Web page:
Six Ways to Support A Sick Friend

Science has proven friends can be an important part of the recovery process.

Posted Oct 04, 2016

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We have all been there. We have a friend who is struggling with a health issue. We want to do something meaningful, but we don’t know what to do. Here is a list of simple suggestions that women who have gone through illness say were extremely meaningful:

1. Start with Creature Comforts Being sick is about feeling bad physically, so anything you can do to fill your friend’s environment with things that are pleasing, make her feel pretty, or provide comfort will be a hit. Soft blankets, comfy pajamas, pretty slippers, a scented neck warmer, a satin pillowcase, or a pretty bed jacket to wear for visitors are all sure to make her feel pampered. Also consider a lap desk, a back scratcher, candles, lotions, hand warmers, eye drops, lip balm, a blooming plant, or a bird feeder to make her space a more pleasing place.

2. “Calgon Take Me Away”  Transport her mind. Music can calm or cheer. Think spa music, dance music, whatever was popular when she was in high school, as well as guided meditations or audio books. Perhaps she would enjoy it if you read to her. Maybe she would like to page through old photo collections or a yearbook together. Little distractions are also good, like crosswords, sudokus, magazines, craft kits, art supplies, and decks of cards or puzzles. And don’t forget the myriad of on-line games that you can play together like Scrabble with Friends.

3. Road Trip! Depending on your friend’s mobility, you can help her jump the fence. A mani/pedi, a hair appointment, a yoga class, a foot or body massage, or a smoothie run can be a huge lift. If those are too taxing, plan to soak up the beauty of a view: a garden, a church, a waterfall, the ocean, a glade of blooming trees, or an art gallery. Go for an afternoon glass of wine or a decadent chocolate dessert at her favorite restaurant. Be conscious to schedule the trip at a time of day when she has enough energy and when the destination isn’t busy so that the trip will feel relaxing and unhurried.

4. Time and Touch  Your friend may have begun to feel like a human pincushion or a medical specimen. If so, she may long for the feel of a loving hand. Brushing her hair, painting her nails, rubbing her feet, hugging her, or just holding her hand may provide comfort beyond measure. Bringing fresh news and commentary, no matter how seemingly unimportant, will let her feel part of the world beyond the hospital or her bedroom. Invariably you will bring laughter which is often much better than any painkiller. Being there to give a caregiver a break can also mean the world to your friend, and the caregiver. It is always thoughtful to confirm that she feels up for the visit before you show up.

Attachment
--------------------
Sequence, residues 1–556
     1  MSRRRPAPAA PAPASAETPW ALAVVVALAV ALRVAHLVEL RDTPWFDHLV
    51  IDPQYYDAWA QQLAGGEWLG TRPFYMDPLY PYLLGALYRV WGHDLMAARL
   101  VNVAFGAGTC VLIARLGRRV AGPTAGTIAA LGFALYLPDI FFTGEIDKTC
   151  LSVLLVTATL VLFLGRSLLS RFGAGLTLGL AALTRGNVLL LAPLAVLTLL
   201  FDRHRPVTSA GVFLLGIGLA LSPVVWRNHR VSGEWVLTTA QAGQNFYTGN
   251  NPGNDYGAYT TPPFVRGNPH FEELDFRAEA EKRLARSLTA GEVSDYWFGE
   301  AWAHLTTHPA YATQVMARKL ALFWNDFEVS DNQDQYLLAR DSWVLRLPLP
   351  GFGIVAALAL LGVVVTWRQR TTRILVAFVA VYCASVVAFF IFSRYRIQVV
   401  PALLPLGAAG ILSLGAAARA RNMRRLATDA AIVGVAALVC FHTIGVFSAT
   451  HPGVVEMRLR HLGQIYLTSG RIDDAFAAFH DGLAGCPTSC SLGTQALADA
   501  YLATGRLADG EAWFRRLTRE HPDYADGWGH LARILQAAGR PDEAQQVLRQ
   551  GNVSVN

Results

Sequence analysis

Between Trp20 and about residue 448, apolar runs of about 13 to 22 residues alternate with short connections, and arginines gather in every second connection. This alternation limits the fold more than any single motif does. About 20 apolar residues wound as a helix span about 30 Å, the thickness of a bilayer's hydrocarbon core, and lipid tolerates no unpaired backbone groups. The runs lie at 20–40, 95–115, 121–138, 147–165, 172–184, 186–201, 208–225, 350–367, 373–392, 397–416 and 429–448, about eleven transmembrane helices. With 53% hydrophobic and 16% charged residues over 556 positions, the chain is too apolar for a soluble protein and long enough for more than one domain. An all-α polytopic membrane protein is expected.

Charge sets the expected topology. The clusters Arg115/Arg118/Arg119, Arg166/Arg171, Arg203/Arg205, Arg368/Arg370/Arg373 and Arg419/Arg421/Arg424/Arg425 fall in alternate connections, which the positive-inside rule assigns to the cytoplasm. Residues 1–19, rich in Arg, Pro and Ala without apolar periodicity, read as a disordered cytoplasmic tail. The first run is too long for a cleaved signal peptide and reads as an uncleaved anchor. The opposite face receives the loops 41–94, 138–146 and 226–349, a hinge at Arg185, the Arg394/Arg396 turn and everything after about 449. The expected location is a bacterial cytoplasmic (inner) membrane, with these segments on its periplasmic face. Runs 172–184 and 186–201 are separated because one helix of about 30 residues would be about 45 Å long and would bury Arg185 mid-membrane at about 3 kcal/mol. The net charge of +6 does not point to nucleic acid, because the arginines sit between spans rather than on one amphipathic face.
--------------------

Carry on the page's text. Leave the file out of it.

5. Let’s Get Practical  When someone is sick, all eyes are on the patient and their care. That usually means that other routine responsibilities, like the dishes, the laundry, the yard, and the trash are not on the main radar screen. Running a vacuum, cleaning the bathroom, or watering the plants can be a big help.  A call that you are heading to the grocery store and would love to pick up needed items or a treat means a lot. Walking the dog or taking the kids to the park may matter more to your friend than they do to the pet or the children. Sometimes your relationship is close enough that taking the initiative to do things that clearly need to be done is comfortable, but other times the best approach is to say, “I have a couple of hours, what can I do that would be helpful?”

6. Create a Box of Treasures and Pleasures One way to cheer your friend when you aren’t physically there is to create a box of small, wrapped goodies. You can start it and urge others to add to it. They can be silly things like an etch-a-sketch, silly putty, a magic trick, joke teeth, a Rubik’s cube, a water gun, interspersed with soaps, teas, coffee mugs, cute reading glasses, a pretty scarf or head wrap, nail polish, earrings, a book on friendship, a framed photo, or an herbal eye pillow. When your friend is having a down moment and no one is around, she can open a little present. It isn’t about the gift; it is just a way to say I love you even when you can’t be there in person. This is a great idea for a friend who is far away.

More than what you bring or do for her, the central thing is that the person feels emotionally supported and connected to you, by your written words in cards or texts or emails or by phone calls or visits. And perhaps more important than what you say to her, is your ability to hear her. Listening is a wonderful gift that she will need throughout her road to recovery. 

If you are the organizing type and can rally a group around her for support that is another especially important gift. You will be surprised how many people will jump to help if you give them a task and a calendar to sign up on, and it can be done simply using one of many websites.

When my best friend was finishing her breast cancer treatment, we planned a trip to the beach for her to recuperate, leaving directly from her last chemotherapy treatment. I showed up with a bag of surprises: a huge, ridiculous sun hat, pink plastic sunglasses, one of those beach cover-ups that makes it look like you have a bodacious body in a bikini, a fan to create the faux sea breeze, a fruity drink in a margarita glass, a shallow bucket of sand for her to put her feet in, beach music, sea shells, and sunscreen. All the nurses and neighboring patients laughed with the "beach babe." While I wanted to make the last session a little less serious, what I really wanted was for her to see a glimpse of how much I love her--and any sweet, well-intentioned gesture above will do that.